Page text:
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Britain’s ‘Media Freedom’ is Smokescreen to Hide the Persecution of Journalists Who Expose War Crimes


‘Champions of Media Freedom’: Celebrity lawyer Amal Clooney and Jeremy Hunt.

Nina Cross
21st Century Wire

As Julian Assange, founder of Wikileaks, fights on from inside high-security Belmarsh prison, we see a stream of ‘Media Freedom’ campaign tweets from the Foreign Office.  Jeremy Hunt’s campaign is apparently running parallel to Assange’s arrest and battle against extradition to the US by way of Sweden. But Hunt’s campaign cannot erase or hide the fact the British government is persecuting a journalist who has dared to empower people throughout the world with knowledge of their leaders’ war crimes. Nor can its shiny press releases blind us to its increasingly hostile and repressive position towards  journalists and truth-tellers.

On the day Wikileaks tweeted the first warning that Assange could have his asylum imminently withdrawn, British Foreign Secretary Jeremy Hunt announced that the government’s new Media Freedom campaign which would be fronted by celebrity human rights lawyer Amal Clooney.  It was a media circus.  It was noticeable that despite Clooney’s previous role in Assange’s legal counsel, any connections between the two were effectively left out of mainstream media reports, so that without prior knowledge or research nobody would have known this was the case.

As Hunt’s media campaign got going, so did Clooney’s “Trial Watch,” part of her Clooney Foundation for Justice project, with a particular focus on journalists.  In its promotional video a narrator points out some telltale signs of an unfair court:

“Was the court’s presiding official impartial?

Are the public allowed to enter the courtroom?”

After Assange was betrayed by Ecuadorian president Lenin Moreno and arrested by UK police on 11th April, he was found guilty at Westminster Magistrate’s Court of skipping a police bail in 2012 when he sought asylum in the Ecuadorian embassy, fearing extradition to the US via Sweden.   This is how ex-ambassador Craig Murray described the judge’s treatment of Assange that day:

“District Judge Michael Snow is a disgrace to the bench who deserves to be infamous well beyond his death. He displayed the most plain and open prejudice against Assange in the 15 minutes it took for him to hear the case and declare Assange guilty last week, in a fashion which makes the dictators’ courts I had witnessed, in Ibrahim Babangida’s Nigeria or Isam Karimov’s Uzbekistan, look fair and reasonable, in comparison to the gross charade of justice conducted by Michael Snow.”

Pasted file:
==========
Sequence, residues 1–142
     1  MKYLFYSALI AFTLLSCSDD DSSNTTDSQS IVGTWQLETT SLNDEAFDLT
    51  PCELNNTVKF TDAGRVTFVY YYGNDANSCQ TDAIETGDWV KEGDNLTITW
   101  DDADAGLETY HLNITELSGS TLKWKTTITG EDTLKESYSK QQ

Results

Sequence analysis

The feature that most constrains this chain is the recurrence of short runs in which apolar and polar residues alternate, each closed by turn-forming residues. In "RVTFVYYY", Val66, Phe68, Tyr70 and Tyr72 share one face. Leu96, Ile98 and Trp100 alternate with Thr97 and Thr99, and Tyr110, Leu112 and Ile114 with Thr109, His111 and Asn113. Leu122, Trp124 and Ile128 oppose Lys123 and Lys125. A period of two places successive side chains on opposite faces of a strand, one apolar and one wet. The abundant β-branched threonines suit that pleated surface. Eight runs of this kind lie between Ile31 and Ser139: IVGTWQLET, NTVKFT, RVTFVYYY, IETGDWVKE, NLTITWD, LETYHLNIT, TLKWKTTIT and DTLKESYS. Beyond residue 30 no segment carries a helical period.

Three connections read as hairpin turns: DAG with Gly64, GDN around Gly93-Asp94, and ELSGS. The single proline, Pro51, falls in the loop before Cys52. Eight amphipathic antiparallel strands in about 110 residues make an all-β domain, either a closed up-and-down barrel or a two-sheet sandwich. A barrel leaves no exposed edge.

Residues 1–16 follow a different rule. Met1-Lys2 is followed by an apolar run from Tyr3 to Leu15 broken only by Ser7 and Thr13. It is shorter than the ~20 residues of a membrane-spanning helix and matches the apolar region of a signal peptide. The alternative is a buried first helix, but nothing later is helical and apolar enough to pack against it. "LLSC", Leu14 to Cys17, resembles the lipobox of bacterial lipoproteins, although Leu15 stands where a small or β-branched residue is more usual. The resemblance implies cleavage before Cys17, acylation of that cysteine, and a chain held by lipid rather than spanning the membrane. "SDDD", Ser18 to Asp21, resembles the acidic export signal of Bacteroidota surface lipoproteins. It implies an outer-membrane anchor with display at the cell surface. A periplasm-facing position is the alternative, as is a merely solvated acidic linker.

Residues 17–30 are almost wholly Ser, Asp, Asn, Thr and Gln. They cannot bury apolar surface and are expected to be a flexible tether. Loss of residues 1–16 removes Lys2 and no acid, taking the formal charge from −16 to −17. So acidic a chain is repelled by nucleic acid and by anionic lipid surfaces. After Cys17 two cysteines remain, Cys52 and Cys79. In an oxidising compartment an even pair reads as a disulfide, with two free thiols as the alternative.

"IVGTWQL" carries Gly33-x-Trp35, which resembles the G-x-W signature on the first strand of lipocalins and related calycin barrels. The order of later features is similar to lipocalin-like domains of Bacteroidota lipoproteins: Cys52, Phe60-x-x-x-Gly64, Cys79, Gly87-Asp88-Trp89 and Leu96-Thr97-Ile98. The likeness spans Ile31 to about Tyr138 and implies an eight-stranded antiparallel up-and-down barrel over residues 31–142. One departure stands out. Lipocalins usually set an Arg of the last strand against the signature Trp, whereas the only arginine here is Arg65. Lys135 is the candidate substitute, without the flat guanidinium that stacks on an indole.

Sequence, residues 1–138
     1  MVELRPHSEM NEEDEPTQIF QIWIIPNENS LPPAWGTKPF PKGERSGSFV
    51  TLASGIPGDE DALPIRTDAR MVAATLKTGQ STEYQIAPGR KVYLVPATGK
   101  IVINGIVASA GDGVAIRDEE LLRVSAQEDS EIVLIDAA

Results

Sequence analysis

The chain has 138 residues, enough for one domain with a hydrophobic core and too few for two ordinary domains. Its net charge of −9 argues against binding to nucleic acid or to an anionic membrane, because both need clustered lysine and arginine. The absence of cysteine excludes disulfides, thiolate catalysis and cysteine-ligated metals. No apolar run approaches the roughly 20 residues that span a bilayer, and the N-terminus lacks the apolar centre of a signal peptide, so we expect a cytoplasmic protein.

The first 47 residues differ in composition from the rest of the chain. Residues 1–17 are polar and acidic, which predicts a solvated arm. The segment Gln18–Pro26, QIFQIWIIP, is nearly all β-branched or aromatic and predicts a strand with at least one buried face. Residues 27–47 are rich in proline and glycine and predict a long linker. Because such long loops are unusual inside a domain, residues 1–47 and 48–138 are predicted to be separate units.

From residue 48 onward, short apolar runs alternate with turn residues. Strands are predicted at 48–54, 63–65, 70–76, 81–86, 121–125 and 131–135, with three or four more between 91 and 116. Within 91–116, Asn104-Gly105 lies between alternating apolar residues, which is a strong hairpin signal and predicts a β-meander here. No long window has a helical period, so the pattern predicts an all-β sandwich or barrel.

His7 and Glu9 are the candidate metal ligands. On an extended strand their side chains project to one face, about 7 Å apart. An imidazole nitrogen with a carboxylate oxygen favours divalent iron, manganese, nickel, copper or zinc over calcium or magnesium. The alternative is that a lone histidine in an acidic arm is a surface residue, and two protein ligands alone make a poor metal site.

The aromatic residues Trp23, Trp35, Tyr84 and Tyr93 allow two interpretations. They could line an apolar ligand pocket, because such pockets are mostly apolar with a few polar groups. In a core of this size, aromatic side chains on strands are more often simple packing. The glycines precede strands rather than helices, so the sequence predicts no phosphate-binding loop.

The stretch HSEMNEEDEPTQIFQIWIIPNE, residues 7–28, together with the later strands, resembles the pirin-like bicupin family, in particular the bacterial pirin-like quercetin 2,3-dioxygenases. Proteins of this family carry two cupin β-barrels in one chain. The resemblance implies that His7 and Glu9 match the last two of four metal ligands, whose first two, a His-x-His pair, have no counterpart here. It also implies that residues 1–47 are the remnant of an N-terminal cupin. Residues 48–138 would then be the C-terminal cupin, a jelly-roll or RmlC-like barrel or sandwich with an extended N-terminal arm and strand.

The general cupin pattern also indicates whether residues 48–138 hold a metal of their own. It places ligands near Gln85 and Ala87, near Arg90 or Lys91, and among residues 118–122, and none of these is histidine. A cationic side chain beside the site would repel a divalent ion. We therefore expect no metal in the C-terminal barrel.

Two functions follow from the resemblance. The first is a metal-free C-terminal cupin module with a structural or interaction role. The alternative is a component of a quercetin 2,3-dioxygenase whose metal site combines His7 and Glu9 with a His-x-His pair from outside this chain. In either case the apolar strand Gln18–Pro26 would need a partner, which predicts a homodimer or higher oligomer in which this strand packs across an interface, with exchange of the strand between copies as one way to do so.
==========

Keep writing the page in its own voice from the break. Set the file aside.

SEE ALSO: Revealed: The British Government’s War on Assange and Media Freedom

At Southwark Crown Court on 1st May, the judge imposed a 12 month prison sentence on Assange for skipping the police bail in 2012 despite the fact no charges had ever been brought against him and successive Swedish investigations into sexual allegations had been dropped, with the most recent case dropped in 2017.  If we went looking for a ‘fair and reasonable’ application of the law it seems we would not find it in this court.  Anyone would have expected this sort of sentence in Victorian England or possibly in one of Donald Trump’s ‘shithole countries‘.

At Assange’s third court appearance, on 2nd May, which was conducted by video link, very few friendly faces were able to make it into court, as his case was moved to a small courtroom where only a few people were accommodated, despite many supporters turning up to attend. Only a few accredited press were allowed into small court, some of whom could have spent years smearing Assange.


So bearing in mind all of these questions hanging over the fairness of the British court system for Julian Assange, according to the standards of Clooney, the face of Hunt’s media freedom campaign, it seemed reasonable for this author to submit a ‘trial alert’ request to the Clooney Foundation to ask for Assange’s case to be monitored.  To-date they have yet to respond, but perhaps they are weighing up the odds it would meet with approval given husband George Clooney’s political alliances with Hillary Clinton who once suggested droning Assange.

Unfair treatment of Assange is not only visible through conditions set out in Clooney’s Trial Watch video; according to the United Nations Working Group on Arbitrary Detention the sentence for skipping bail is disproportionate, and contravenes the “principles of necessity and proportionality envisaged by the human rights standards.”  Damning all round, by UN human rights standards and by the standards of Hunt’s very own media freedom envoy.

The day a British court dismissed entirely the human rights of a journalist fighting persecution,  Hunt’s Media Freedom campaign told us the British government cares about media freedom. Yes, we are to believe we have a civilised and fair government:

Starting Hunt’s campaign a few weeks before World Press Freedom Day allowed for a constant flow of Foreign Office propaganda about media freedom:

Hunt’s campaign is a trust-building exercise.  The government cannot be attacking civil and human rights or the power of journalists as the Fourth Estate, or abusing its legal systems and courts if it is seen promoting media freedom, giving scholarships to students in Africa, and showing it concern for ‘bastions of a free society.’